Guardiola will not 'damage' Manchester City with ribbon protest


Pep Guardiola will not continue his yellow ribbon protest over Catalan political prisoners if Manchester City's board ask him to refrain, while the prospect of a touchline ban would also persuade him to seek a resolution with the Football Association (FA).

The FA charged Guardiola with breaching their regulations by wearing a political message last Friday.

The former Barcelona and Bayern Munich boss began wearing the ribbon last year to draw attention to the plight of Jordi Sanchez and Jordi Cuixart, who were placed in custody as part of the crackdown that followed last October's referendum on Catalan independence - a poll the national government in Madrid deemed to be illegal.

Despite the charge, Guardiola still wore his ribbon on the touchline during City's 3-0 EFL Cup final win over Arsenal on Sunday, with thousands of City fans also wearing their own in a show of solidarity.

Speaking in the aftermath of December's Manchester derby, Guardiola suggested he was willing to be suspended by the football authorities over the matter but, with the FA having invited him to provide observations by March 5, the 47-year-old was in a seemingly more placatory mood ahead of the Premier League leaders' trip to Arsenal on Thursday.

"The club is in front of me," Guardiola replied when asked whether he would heed a call from City to end the controversy by removing the ribbon.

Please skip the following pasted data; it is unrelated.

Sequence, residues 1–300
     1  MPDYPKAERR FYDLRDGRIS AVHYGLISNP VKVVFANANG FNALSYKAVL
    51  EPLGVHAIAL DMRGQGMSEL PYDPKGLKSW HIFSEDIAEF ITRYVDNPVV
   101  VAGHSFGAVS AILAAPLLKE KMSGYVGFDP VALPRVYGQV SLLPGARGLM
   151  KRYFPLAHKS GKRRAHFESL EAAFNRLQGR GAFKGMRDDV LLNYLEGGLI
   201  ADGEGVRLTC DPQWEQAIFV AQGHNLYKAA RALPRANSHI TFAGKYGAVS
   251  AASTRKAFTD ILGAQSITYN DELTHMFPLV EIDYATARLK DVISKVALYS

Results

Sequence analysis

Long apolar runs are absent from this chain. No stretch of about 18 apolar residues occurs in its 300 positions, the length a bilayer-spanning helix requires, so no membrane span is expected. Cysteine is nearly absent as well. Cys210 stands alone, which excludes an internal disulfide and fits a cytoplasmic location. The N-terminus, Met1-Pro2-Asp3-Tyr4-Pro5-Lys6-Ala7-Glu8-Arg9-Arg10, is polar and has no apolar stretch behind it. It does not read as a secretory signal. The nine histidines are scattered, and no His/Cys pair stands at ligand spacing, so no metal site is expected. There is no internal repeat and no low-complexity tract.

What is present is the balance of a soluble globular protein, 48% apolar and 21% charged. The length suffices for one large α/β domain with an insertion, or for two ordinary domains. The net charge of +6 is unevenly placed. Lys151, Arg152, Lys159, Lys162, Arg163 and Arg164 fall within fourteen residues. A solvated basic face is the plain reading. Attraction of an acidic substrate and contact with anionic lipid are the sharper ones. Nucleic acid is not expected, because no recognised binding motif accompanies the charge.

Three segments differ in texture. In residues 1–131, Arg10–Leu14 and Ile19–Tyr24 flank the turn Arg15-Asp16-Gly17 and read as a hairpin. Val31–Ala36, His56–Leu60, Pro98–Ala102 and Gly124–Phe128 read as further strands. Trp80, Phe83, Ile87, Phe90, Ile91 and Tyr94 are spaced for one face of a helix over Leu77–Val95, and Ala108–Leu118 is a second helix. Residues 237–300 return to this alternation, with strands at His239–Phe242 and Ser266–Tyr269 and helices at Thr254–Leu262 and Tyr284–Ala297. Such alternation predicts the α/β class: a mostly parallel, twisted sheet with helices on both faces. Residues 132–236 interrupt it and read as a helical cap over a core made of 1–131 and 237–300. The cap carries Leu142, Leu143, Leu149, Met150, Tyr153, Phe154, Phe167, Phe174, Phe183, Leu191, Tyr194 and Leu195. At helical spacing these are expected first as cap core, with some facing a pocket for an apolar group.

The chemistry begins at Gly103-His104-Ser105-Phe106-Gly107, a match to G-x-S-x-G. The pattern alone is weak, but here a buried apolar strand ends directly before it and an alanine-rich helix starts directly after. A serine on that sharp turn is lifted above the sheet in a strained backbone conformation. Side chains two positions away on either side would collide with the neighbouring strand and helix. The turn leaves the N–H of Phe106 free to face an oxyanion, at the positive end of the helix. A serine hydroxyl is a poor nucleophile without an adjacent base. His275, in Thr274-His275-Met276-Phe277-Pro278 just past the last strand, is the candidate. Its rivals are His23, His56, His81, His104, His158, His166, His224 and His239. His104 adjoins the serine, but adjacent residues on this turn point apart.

"It is more important what happens in the team than what is, in this case, my personal opinion, of course.

"I think that is not going to happen but if it happens they are my bosses and of course I am going to accept. The club is more important than my personal opinion."

On doing likewise to avoid being barred from the dugout, he added: "Of course, I don't want to damage my team. I don't what to damage my club, not at all."

Guardiola has been a vocal proponent of Catalan independence but insists the ribbon protest is one being made on humanitarian rather than political grounds - attempting to draw parallels with other causes that are openly supported in English football.

"It's like, for example, the pink ribbon. It is for breast cancer; it's not about the right or left, democrat or republican," he said. "If I bring a red ribbon it is to support the people who have AIDS, it is not right/left.

"It is like how I wear the pin for prostate cancer. We have a lot of ribbons during the season. The idea is the same. The personal opinion is not a political opinion.

"The people with yellow ribbons in Catalonia, some of them might be independence people but most of them, maybe not.

"It is not about the political issue - the rights of the people who want to vote, it's not talking about that.

"I am pretty sure there are people in Catalonia who do not agree about being independent but they do not agree either with people being in preventative jail for more 140 days.

"Of course, I am open to talk with the FA, to express what I expressed the last day and today."